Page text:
The European Central Bank (ECB) will soon finally raise interest rates again. But that probably doesn’t mean that the high inflation in the eurozone can be ended quickly. Also, people who expect high savings rates again soon should not count themselves as rich, according to the explanation of ECB president Christine Lagarde.
At the press conference held in the Amsterdam Hermitage, the Frenchwoman pointed out that the upcoming interest rate hike in July should be seen as part of a “journey”. If interest rates go up slightly, we will not immediately notice that in inflation, she emphasized. The ECB has significantly raised inflation expectations for this year.
Due to the war in Ukraine and disruptions in international transport due to corona lockdowns in China, energy prices have recently skyrocketed and food is also becoming more expensive. The ECB also notices that wage growth is starting to pick up faster, something that could boost inflation later on.
However, Lagarde emphasized that the ECB will do everything it can to ensure that inflation returns to 2 percent in the medium term. That is the goal of the central bank. In her view, the ECB will use all the tools necessary for this. “And we will make it happen,” said Lagarde.
The plan is to raise ECB interest rates by a quarter of a percentage point in July. A further rate hike should then follow in September and the central bank is forecasting a gradual upward path for interest rates going forward.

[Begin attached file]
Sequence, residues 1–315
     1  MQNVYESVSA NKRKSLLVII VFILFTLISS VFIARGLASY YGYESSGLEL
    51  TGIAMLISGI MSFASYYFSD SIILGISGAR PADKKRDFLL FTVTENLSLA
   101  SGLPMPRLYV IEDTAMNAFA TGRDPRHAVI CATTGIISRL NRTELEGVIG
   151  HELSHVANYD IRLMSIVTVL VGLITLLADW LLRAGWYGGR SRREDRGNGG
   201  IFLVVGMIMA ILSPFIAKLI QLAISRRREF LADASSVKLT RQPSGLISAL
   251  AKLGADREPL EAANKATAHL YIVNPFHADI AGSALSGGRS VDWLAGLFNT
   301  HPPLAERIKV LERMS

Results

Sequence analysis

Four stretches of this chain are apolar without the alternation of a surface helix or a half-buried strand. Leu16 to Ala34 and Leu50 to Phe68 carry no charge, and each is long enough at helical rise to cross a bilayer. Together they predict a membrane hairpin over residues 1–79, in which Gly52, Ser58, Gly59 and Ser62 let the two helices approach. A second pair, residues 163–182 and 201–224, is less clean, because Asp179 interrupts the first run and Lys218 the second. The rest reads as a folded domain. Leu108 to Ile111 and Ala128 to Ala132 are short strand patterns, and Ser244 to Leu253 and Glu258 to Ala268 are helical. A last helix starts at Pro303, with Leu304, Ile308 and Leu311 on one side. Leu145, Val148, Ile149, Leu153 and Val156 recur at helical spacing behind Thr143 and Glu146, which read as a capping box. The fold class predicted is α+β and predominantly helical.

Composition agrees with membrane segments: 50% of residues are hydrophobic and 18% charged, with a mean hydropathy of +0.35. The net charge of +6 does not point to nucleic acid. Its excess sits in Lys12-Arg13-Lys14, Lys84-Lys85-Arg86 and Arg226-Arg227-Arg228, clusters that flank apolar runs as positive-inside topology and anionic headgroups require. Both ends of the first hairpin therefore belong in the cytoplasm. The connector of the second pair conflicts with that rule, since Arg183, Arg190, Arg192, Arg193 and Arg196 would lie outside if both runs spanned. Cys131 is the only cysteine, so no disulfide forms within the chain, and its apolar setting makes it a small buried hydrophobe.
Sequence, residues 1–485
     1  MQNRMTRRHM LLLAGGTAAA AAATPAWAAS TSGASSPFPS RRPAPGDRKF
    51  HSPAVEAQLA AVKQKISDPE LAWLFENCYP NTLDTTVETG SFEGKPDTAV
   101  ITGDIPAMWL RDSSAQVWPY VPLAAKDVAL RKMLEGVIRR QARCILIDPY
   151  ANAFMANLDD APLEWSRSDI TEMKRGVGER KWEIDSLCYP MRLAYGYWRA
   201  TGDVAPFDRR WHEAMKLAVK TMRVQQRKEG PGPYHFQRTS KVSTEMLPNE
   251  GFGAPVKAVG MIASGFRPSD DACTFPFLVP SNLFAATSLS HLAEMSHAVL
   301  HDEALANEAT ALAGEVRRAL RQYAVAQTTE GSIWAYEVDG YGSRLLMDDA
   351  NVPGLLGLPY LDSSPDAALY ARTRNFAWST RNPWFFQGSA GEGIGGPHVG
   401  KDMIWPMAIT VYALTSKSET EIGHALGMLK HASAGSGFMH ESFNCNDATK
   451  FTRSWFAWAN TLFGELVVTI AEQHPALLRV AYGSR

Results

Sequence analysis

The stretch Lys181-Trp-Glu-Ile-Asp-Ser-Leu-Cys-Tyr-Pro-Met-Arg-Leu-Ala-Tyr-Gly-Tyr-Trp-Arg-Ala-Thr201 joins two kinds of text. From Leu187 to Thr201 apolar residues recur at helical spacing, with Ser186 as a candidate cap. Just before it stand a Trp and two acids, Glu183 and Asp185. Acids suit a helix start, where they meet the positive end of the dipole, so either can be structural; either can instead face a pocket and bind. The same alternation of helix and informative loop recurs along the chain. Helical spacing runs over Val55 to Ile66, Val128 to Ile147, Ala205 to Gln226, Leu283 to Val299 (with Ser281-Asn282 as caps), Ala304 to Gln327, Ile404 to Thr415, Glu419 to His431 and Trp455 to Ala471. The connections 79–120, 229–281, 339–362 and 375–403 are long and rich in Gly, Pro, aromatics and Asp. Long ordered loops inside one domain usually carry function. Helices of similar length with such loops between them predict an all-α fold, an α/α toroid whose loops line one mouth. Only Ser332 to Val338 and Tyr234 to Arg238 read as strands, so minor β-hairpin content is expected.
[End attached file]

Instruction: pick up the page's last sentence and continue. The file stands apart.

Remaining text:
Lagarde still has a blow to the arm. With any interest rate decision in the coming months, policymakers will be looking closely at the inflation outlook at that time. Lagarde does not yet want to say where the interest will ultimately end up. According to her, policymakers have not yet discussed this in Thursday’s interest rate decision.
Interest rates have been reduced to historically low levels by the central bank over the years. If the ECB starts raising its interest rates, banks are likely to raise their interest rates again. But the savings interest in the Netherlands is still around 0 percent. Whether they ever go back to levels like, say, 4 or 5 percent, remains to be seen. Some economists have previously said that the high-interest rates of the past will not return any time soon due to demographic changes.
The ECB interest rate meeting was held once in the Netherlands. This is because the central bank also regularly wants to show its face in the various euro countries. Lagarde indicated that she finds Amsterdam “beautiful”. President Klaas Knot of De Nederlandsche Bank (DNB) called it an honour that the Netherlands was allowed to act as a host country this time.